A somewhat geeky dev blog
This is where I allow myself to geek out on development, technology, the Internet, databases, open-source, weblogs and presumably some other geeky stuff too... :P
For some reason, nobody seems to acknowledge there is a bug with
flush() in PHP 5.4.
In any previous version of PHP, you could just do:
and the PHP output buffer would be sent to Apache which would in turn send it to your web browser.
We are not talking about any side effects due to compression or charset sniffing here. We are talking about: flush() was working just fine.
And then compes PHP 5.4 and it doesn't work any more. And you revert to PHP 5.3 and it works again. PHP 5.4, broken again. And you can reproduce that to infinity but still, nobody wants to acknowledge it.
So we had to find a workaround. Here it is: just replace your flush() calls with a custom call like flush54() defined like this:
This will restore the initial behaviour...
If you have several servers to maintain like I do, at some point you’ll want to know how old exactly an installation of Debian (or another flavor or Linux) has gotten since you last wiped it clean…
So how do you check the install date?
I found the easiest way was to simply check the date of the lost+found folder. This folder is created at installation time and basically never removed after that. So I just go with:
ls -l /home/
and look at the date for lost+found .
That sounds awesome, but it’s not true. It’s actually pretty much a lie! :( – You can take some advantage of the Retina display, but definitely not full advantage.
All you can do is set Windows to believe it is running with a 2880 x 1800 pixels display. And that is indeed the physical pixel resolution of a Macbook Pro Retina display…
But, in NO CIRCUMSTANCE can you actually map each pixel from the 2880 x 1800 virtual machine to a physical pixel of the actual screen.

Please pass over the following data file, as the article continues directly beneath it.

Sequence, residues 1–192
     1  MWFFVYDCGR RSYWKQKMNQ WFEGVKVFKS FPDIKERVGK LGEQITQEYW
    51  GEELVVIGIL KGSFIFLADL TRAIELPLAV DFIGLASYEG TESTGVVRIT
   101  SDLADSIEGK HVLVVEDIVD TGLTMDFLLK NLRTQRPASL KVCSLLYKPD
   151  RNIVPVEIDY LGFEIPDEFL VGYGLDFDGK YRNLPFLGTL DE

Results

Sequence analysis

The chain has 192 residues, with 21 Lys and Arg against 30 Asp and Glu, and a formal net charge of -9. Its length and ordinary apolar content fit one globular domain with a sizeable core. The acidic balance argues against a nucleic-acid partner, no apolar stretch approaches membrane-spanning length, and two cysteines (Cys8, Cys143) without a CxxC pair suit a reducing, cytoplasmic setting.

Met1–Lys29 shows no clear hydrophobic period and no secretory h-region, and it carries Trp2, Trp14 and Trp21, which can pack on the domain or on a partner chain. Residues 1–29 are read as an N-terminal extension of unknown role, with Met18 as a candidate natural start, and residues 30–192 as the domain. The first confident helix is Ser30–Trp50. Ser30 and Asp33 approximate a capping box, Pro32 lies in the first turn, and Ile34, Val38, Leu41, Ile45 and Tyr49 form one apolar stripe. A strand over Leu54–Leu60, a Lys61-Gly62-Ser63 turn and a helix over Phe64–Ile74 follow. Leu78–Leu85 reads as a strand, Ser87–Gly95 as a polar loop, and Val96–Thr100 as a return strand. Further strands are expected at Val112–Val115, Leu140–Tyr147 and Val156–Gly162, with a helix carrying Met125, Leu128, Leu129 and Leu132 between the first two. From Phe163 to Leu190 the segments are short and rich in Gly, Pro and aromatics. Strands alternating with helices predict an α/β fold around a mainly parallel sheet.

What you get instead, is blurry scaling all the waty down!
On the first screenshot below (click to zoom) you will see how 2880 x 1800 is scaled down (and BLURRED down) to 1440 x 900 if you keep you Mac runnign with the default setting of “Best for retian display".
On the second screenshot below you will se how 2880 x 1800 is scaled down (and still blurred down) to 1920 x 1200 if you change your mac display settings to the highest scaled resolution. This solution makes your windows look a tiny little bit better but it also makes your mac apps look less sharp (because they are now scaled too! Remember, you are no longer running in “Best for Retina display” mode!)
When you right-click (or control-click) on a file in the Mac OS X Finder, you get a contextual menu with a nice “Open With” option, which lets you open the selected file with any Application that you desire to.
That is pretty nice until that menu gets all clogged up with all sorts of old/broken apps that you don’t use any more.
Due to some caching mechanism, it seems that this menu never cleans itself up :/
So here is how to reset it:
- Open a Terminal window (by running the “Terminal” Application)
- Copy/paste the following command: (all on one line)
/System/Library/Frameworks/CoreServices.framework/Frameworks/LaunchServices.framework/Support/lsregister -kill -r -domain local -domain system -domain user
- Click on the Finder icon and relaunch the Finder (or log out and log in again)
Your ‘Open width” menu will now be all clean… and will start to fill up again as you run/install apps that register themselves there…
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